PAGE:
Want to buy, sell, or hold crypto with a trusted payment processor? Well, you can do it all with the PayPal crypto wallet. PayPal added crypto back in 2021 and with more than 346 million active PayPal accounts - it might just be the start of crypto officially becoming mainstream. It’s great news for those totally new to crypto and seasoned investors alike - but you shouldn’t overlook the tax implications of PayPal crypto. We’re looking at everything you need to know about PayPal’s crypto wallet, including PayPal crypto taxes.
In October 2021, PayPal announced the launch of the PayPal crypto wallet. This new service would let PayPal customers around the world buy, sell and store crypto - as well as spend it at any of the 26 million PayPal merchants. Also known as the PayPal crypto hub, the PayPal crypto wallet is still in its relative infancy, so at the minute you can only buy and sell four different cryptocurrencies.
Initially, buying crypto using the PayPal Crypto Hub meant you couldn't actually move your crypto off the platform, unlike with other exchanges. However, you can now transfer your crypto to your own non-custodial wallet.
As with all crypto - you’ll pay a fee for different transactions. When you buy or sell crypto on the PayPal crypto hub the fees are as follows:
Meanwhile, when you spend crypto using PayPal - it’ll convert your crypto into USD at no extra charge - so there are no fees for using this service.
As well as this, there are a number of other transaction fees and limits you need to be aware of. You'll pay network fees whenever you transfer crypto to an address outside PayPal (although it's free when you transfer to another PayPal account). As well as this, there are a number of transaction limits to consider:
The simplicity of the platform has a silver lining - it means your PayPal crypto taxes are pretty straightforward.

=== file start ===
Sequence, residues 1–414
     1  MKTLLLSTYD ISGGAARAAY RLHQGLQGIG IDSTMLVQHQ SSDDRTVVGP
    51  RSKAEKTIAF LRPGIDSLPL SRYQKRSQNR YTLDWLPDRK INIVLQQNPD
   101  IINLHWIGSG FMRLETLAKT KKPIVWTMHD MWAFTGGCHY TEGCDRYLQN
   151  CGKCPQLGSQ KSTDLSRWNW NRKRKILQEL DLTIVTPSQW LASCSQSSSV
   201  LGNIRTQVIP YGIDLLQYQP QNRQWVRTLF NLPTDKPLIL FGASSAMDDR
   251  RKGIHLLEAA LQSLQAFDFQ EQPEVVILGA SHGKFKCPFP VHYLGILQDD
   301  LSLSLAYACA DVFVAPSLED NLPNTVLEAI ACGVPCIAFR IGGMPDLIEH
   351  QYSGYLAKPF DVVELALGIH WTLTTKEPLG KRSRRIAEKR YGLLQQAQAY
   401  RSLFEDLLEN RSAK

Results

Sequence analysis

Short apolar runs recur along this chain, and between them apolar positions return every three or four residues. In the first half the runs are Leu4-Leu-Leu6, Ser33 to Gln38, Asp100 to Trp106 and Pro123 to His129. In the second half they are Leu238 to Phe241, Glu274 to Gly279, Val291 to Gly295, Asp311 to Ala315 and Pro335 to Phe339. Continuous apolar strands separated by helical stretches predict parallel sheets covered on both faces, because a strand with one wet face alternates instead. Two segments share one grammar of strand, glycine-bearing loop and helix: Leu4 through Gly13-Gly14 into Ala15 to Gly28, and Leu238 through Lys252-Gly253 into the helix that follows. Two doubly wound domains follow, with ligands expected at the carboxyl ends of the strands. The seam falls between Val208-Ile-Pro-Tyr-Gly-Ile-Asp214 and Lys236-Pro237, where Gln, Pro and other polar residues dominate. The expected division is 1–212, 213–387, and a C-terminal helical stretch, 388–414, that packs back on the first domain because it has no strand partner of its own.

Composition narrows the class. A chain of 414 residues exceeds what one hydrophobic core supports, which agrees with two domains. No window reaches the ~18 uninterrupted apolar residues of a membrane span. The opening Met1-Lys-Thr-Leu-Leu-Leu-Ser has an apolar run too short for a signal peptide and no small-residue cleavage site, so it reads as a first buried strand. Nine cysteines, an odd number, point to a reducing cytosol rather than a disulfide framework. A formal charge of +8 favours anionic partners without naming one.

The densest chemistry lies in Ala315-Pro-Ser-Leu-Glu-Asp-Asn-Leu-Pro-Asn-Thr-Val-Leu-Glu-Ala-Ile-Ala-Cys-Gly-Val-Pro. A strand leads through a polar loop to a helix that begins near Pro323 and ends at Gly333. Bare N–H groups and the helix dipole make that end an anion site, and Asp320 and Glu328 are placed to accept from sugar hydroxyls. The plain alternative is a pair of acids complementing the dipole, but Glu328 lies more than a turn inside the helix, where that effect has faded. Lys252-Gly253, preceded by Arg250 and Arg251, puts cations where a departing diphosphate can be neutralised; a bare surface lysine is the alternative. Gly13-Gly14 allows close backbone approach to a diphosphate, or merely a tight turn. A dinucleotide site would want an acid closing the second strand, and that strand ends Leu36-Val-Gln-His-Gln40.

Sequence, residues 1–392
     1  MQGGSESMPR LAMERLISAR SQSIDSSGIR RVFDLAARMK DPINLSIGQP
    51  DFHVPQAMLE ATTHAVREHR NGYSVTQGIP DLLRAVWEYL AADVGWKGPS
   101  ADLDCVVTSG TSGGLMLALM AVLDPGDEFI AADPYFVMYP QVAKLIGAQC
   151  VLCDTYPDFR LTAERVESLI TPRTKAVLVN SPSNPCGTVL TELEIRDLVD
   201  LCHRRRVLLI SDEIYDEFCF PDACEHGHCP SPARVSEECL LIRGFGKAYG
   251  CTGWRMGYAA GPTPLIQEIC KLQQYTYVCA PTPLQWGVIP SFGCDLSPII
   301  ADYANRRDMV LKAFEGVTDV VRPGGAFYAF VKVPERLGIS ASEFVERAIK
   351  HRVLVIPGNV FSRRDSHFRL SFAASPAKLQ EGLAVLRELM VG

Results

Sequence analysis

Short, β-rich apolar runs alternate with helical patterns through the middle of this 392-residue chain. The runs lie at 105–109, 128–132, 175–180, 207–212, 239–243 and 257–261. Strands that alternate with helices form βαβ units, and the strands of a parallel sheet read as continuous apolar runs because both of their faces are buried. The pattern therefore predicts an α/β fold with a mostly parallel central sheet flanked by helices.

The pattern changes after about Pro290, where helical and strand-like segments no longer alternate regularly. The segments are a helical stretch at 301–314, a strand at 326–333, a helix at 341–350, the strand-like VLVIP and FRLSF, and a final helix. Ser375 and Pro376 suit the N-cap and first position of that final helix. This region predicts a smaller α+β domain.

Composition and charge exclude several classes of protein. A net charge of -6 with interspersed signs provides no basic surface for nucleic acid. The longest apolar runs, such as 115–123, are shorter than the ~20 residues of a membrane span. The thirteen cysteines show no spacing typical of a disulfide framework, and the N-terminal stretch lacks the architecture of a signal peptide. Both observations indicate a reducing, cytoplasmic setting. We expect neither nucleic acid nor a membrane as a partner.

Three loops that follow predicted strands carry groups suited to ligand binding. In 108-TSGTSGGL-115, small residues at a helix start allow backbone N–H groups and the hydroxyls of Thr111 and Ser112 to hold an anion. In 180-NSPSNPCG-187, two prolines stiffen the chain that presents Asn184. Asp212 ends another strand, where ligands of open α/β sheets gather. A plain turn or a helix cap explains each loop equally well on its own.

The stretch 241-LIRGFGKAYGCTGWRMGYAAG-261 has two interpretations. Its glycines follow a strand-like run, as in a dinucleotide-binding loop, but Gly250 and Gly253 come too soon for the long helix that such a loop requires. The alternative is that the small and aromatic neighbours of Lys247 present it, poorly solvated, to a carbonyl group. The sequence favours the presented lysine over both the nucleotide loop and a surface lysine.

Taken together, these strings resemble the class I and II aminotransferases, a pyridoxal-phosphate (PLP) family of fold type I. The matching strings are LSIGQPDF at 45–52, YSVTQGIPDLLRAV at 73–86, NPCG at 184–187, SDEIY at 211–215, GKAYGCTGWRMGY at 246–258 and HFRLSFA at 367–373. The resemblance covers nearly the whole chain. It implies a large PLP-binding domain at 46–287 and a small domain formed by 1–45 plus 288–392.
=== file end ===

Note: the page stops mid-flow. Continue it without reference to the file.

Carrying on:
You can only make a few different types of transactions using your PayPal crypto wallet. Each has a different tax treatment like so:
As you can see the good news is that buying and holding crypto is almost always tax free, depending on where you live. However, there are a couple of countries where technically holding crypto may be taxed via a Wealth Tax - like Spain, the Netherlands, Switzerland, Italy, and France.
So the only tax you’ll pay on your PayPal crypto is when you sell your crypto for fiat currency - like USD - or spend your crypto on goods or services. This is because crypto is seen as a capital asset - not a currency - which makes it subject to Capital Gains Tax rules. When you dispose of a capital asset by selling it, trading it, spending it, or (sometimes!) gifting it - you’ll pay Capital Gains Tax. You can learn more about US crypto tax in our guide.
Don’t worry - you won’t pay Capital Gains Tax on the full amount, only any perceived capital gain (profit). A capital gain or loss is the difference in value from when you bought your crypto to when you disposed of it. If the value of your asset has increased since you bought it, you’ll have a profit (capital gain) and you’ll pay Capital Gains Tax on that profit. You can also include any fees when calculating how much profit you’ve made, this is easier to understand with an example.
You buy 1 ETH for $4,200 using the PayPal crypto wallet. You pay 1.50% in fees, so $63. This makes your cost basis for the asset $4,263.
You later sell your 1 ETH on the PayPal crypto hub for $5,000. You pay another 1.50% in fees, so another $75 which you can add to your cost basis. You need to figure out how much profit you’ve made, so just subtract your cost basis from your sale price.
$5000 - $4338 = $662. You’ve made a capital gain of $662, which you’ll pay Capital Gains Tax on.
The exact amount of capital gains tax you’ll pay depends on how long you held your crypto and how much you earn in regular income. You can learn more about US Capital Gains Tax rates in our guide.